Course alignment is typically demonstrated in a course map. Typically, a course map is a table that enables faculty and learning architects to lay out and arrange major elements of the course design without being forced to commit to a timeline or precise sequence. The tabular structure reinforces alignments across critical instructional elements such as learning objectives, materials, activities, and assessments. Download the Pro-Tips to learn how to show alignment through a course map.
Course alignment is the act of demonstrating the connections between learning objectives, activities, and assessments across a learning experience. It typically occurs in two directions. First, you must confirm the alignment of course objectives with existing institutional or program objectives, as well as with professional standards, when applicable. Once course objectives are set, you must curate or design all learning materials, activities, and assessments with those objectives in mind.
The process of objective alignment assumes that your course does not exist in a vacuum; rather, it is part of a larger learning journey that involves a program, institution, or profession. As such, what students learn in your course should conform to the expectations of all relevant stakeholders. Objective alignment involves the following steps:
- Identify program and institution objectives, as well as any professional standards, that need to be considered when writing course learning objectives. Sometimes professional standards are related to knowledge required for certification or licensing exams in a professional field.
- Map course objectives to higher-order learning objectives. Each course- level objective must correspond to at least one higher-order objective.
- Identify higher-order objectives that have not been mapped to a course- level objective and determine whether they are within the scope of the course. Not every course will touch on every higher-order objective.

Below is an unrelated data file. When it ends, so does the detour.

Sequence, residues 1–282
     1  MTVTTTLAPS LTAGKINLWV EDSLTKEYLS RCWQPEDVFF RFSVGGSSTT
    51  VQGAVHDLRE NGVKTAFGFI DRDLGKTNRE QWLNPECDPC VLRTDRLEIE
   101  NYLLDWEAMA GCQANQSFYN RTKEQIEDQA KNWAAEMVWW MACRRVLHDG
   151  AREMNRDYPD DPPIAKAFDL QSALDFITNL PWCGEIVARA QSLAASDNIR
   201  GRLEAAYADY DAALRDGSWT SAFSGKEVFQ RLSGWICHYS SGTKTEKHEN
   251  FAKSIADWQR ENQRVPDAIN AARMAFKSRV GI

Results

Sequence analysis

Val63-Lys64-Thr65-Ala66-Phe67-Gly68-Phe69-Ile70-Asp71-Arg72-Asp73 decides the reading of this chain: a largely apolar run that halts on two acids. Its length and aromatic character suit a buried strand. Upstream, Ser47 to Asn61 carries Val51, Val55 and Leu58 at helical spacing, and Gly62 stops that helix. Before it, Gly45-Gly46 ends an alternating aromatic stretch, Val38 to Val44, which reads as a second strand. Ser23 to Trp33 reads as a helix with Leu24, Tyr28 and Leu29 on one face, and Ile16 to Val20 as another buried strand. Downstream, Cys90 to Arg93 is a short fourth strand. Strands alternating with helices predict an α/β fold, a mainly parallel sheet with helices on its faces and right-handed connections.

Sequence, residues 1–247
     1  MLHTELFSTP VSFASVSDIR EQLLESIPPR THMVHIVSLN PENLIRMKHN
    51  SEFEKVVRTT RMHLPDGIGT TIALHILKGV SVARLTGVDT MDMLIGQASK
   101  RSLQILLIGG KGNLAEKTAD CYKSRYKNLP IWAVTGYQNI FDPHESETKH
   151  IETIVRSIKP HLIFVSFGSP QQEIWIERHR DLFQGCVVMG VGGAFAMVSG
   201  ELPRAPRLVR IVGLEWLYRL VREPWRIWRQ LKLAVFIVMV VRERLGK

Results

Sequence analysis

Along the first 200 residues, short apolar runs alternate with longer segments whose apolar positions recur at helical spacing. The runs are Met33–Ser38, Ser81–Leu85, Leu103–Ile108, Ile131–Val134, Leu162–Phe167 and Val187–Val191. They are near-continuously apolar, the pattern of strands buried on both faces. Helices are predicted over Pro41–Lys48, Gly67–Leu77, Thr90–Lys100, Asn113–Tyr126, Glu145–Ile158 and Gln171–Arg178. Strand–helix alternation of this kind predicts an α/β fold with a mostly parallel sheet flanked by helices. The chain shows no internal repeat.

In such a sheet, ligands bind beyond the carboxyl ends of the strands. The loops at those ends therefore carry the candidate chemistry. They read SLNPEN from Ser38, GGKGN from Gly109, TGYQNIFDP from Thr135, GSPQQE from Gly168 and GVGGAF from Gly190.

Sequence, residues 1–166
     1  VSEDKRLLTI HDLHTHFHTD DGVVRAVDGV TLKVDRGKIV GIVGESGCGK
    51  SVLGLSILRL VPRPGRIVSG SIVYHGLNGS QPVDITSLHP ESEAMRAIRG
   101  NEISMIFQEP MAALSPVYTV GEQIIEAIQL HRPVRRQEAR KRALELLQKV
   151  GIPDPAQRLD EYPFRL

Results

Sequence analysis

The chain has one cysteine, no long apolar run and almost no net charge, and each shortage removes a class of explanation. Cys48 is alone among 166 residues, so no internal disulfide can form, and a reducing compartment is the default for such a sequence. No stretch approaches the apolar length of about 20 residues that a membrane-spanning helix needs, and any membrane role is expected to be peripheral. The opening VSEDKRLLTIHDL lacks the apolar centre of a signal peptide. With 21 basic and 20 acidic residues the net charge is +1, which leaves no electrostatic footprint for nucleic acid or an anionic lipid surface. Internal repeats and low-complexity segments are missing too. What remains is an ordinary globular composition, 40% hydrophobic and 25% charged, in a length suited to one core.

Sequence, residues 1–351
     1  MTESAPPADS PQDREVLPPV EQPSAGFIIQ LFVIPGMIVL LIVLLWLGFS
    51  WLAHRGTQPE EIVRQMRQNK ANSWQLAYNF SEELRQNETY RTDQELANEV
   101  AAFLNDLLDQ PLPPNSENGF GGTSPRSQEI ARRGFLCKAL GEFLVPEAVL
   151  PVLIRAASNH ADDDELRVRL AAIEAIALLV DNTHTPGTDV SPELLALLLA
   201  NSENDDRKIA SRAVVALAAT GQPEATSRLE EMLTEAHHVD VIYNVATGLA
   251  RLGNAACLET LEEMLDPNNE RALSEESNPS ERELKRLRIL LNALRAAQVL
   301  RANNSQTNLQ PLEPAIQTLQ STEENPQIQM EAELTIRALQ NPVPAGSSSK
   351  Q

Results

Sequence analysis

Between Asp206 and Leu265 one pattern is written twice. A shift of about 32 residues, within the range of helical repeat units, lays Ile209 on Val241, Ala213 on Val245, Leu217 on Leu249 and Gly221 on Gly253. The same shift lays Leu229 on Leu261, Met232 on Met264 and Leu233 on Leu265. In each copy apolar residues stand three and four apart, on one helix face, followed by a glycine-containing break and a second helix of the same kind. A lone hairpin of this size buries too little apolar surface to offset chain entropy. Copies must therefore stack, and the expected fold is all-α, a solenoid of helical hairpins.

Course maps are tables that enable you to lay out the major elements of the course design (including multiple levels of objectives) without being forced to commit to a timeline or sequence. Typically, course maps include the following:
- Course learning objectives (CLOs): big-picture goals of the course
- Enabling learning objectives (ELOs): knowledge, skills, or attitudes a student must acquire before they can be expected to achieve CLOs
- Learning materials: content resources that students use to learn, such as readings, media, Web resources and databases, and presentations
- Learning activities: actions students engage in to learn, ranging from assimilative (e.g., reading, watching) to active (e.g., discussing, building, experiencing)
- Learning assessments: documentation that students achieved learning objectives
Building a course map is a critical component of engaging in backward design, which is a model of instructional design in which you start with the desired outcomes (or objectives) and build backward from there. The map is helpful for keeping track of all the pieces and how they fit together. Maps are typically completed in the following order:
- Objectives (CLOs and ELOs): What should students be able to do?
- Assessments: What evidence would be acceptable to show that students have achieved the objectives?
- Learning activities: How will students learn—that is, how will they assimilate, interpret, practice, and demonstrate—what is necessary to succeed on the assessments?
- Learning materials: What support materials do the students need to engage in the learning activities?
Keep in mind that students must be exposed to content and processes and have the opportunity to practice before assessment. Therefore, every learning objective needs at least one learning activity linked to it. Note, too, that learning activities and assessments may address more than one learning objective.
There are many resources available to assist instructors in course alignment and mapping. Select the links below to learn more about course mapping from the following educational organizations and institutions:
- Carnegie Mellon University: Alignment
- University of Colorado Denver: Assessment and instructional alignment: An online tutorial for faculty
- Vanderbilt University: Understanding by design